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Cambridge IOC planning scheme

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Cambridge English Literature for the IB Diploma

Scheme of work: Part 2 (Standard Level)

The following is an outline scheme of work for Part 2 of the IB English Literature syllabus (to be used in conjunction with Chapter 2 of the IB

English Literature

coursebook). The aims of this scheme of work are:

• to study two texts in preparation for the individual oral commentary (IOC)

• to prepare SL students to complete an effective IOC.

Specific resources for this scheme of work have been included for two popular and well-known works, both of which are featured in the coursebook:

Macbeth

by William Shakespeare

Great Expectations

by Charles Dickens.

The scheme of work is very much an outline: while not proscriptive, it aims to give you, the teacher, an idea of the sort of pattern that could be followed. The expectation is that students will complete their IOCs at the end of this scheme of work, and so the focus throughout is on passage-based work and on acquiring the skills that will be needed to complete an effective IOC. Students and teachers are strongly recommended to follow the advice outlined in Chapter 2 of the coursebook.

A number of passages have been selected from the two selected works as a starting point. You may choose to use these and the accompanying resources in your first few classes to prepare for the IOC.

Alternatively, you may choose to select your own passages from the same works or, indeed, from a work by any of the authors on the PLA. In later weeks, this scheme of work assumes that you and your students will select your own passages for practice.

An editable template of the IOC planning sheet is available to use with any extract (see planning sheets 2.1 and 2.2).

This scheme of work adheres to the following general principles:

1.

2.

3.

4.

From the very first lesson, students are encouraged to think about how they are assessed.

Becoming skilled in the discipline of the IOC and using every lesson as a preparation for the

IOC are key considerations.

The scheme is based around the study of a number of different extracts from two works. In this way, students are being encouraged to think in terms of the IOC as they progress through the scheme of work.

Given the amount of time available in the curriculum in the majority of schools, the scheme does not encourage teachers to teach every page of both works in class. Students are strongly advised to read the works independently in advance of study in class, and teachers are advised to make use of resources such as film versions in order that all students have a very clear sense of the overall movement of the plot.

The scheme encourages extensive student involvement in lessons in terms of preparing extracts, delivering and assessing IOCs, and class discussion.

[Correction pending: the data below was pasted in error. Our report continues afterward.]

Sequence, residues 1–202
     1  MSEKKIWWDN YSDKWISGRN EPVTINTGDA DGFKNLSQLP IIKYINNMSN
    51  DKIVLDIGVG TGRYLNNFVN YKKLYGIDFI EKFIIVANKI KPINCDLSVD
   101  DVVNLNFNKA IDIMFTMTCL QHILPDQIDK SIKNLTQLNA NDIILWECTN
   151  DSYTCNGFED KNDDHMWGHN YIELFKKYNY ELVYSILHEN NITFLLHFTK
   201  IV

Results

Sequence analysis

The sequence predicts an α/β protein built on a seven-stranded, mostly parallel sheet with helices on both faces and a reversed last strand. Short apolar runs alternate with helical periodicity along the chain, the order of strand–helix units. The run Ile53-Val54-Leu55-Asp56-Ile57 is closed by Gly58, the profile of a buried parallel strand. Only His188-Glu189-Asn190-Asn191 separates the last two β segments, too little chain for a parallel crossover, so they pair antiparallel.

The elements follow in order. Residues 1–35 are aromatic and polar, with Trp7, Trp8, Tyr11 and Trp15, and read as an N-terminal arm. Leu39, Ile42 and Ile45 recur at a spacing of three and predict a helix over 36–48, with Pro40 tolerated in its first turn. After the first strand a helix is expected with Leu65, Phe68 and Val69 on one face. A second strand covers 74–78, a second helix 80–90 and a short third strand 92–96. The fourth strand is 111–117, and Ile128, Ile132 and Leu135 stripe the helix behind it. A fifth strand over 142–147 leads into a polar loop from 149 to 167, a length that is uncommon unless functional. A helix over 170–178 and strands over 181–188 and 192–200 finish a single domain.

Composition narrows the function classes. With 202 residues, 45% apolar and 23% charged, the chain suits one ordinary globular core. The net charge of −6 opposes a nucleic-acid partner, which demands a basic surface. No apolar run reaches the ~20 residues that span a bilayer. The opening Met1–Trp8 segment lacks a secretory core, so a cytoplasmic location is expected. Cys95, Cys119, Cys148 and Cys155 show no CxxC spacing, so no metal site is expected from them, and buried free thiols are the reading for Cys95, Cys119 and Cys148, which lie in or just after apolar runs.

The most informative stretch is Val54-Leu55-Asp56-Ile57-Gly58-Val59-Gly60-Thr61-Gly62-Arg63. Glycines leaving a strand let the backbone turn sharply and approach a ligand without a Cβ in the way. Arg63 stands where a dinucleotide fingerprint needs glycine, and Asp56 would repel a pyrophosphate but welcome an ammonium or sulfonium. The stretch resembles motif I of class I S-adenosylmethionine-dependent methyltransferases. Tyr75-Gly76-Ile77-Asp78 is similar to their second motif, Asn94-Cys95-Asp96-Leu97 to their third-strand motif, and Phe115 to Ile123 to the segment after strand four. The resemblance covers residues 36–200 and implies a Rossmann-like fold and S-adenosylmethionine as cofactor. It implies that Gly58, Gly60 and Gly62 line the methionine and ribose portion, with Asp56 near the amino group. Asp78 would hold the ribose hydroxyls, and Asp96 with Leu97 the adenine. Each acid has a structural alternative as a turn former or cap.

Outline

Timeframe:

This outline scheme of work assumes 12 weeks of study: 6 weeks on one work and 6 weeks on the other. It assumes contact time of 2 or 3 hours each week. It may well be that teachers find they have less (or, indeed, more) time than this and will need to adjust their scheme accordingly.

Text:

The extracts listed below are those available on this website: see Planning Sheets 2.3–

2.5 for

Macbeth

and 2.6–2.7 for

Great Expectations

. Other extracts can be selected for later weeks in the scheme.

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Suggested activities:

The activities given below are only suggestions and can be adapted or replaced. Many of the activities will, of course, be repeated over the course of study.

Suggested resources:

Some of these are available as part of the Cambridge IB

English

Literature

online resources. It is strongly recommended that you use the IB

English Literature

coursebook closely whilst studying this scheme of work.

Opportunities for assessment:

Practice IOCs will, of course, be important here.

Week Text Opportunities for assessment

Macbeth

Act 1

Extract 1

(see Planning

Sheet 2.3)

Introduction to the

IOC, perhaps using relevant material from the IB

English

Literature

coursebook

(Chapter 2, pages 35–

39).

Begin study of the text

– perhaps using

Extract 1 for

Macbeth

.

Begin showing film.

Make use of one of several film versions throughout the course in order to give students a vivid sense of the play in performance. The

Polanski version (whilst rather explicit in parts) is a good place to start.

Macbeth

Act 1

Extracts 2 and 3

(see Planning

Sheets 2.4 and

2.5)

Individual students prepare one extract each in advance of the class and deliver a mini presentation as an introduction to the chosen extract.

In class, students complete the planning sheets related to each extract for class discussion on those extracts, with a focus on preparation for the

IOC.

Make use of the IOC planning sheets – either the blank one or those specifically tailored to the pre-selected extracts.

This will encourage students to consider each passage in terms of the final assessment and get them thinking about useful IOC strategies.

Students complete – in detail – an IOC planning sheet which is then assessed by the teacher.

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5

3

Macbeth

Act 2

Students should select their own extracts.

Macbeth

Act 3

Students should select their own extracts.

Macbeth

Act 4

Students should select their own extracts.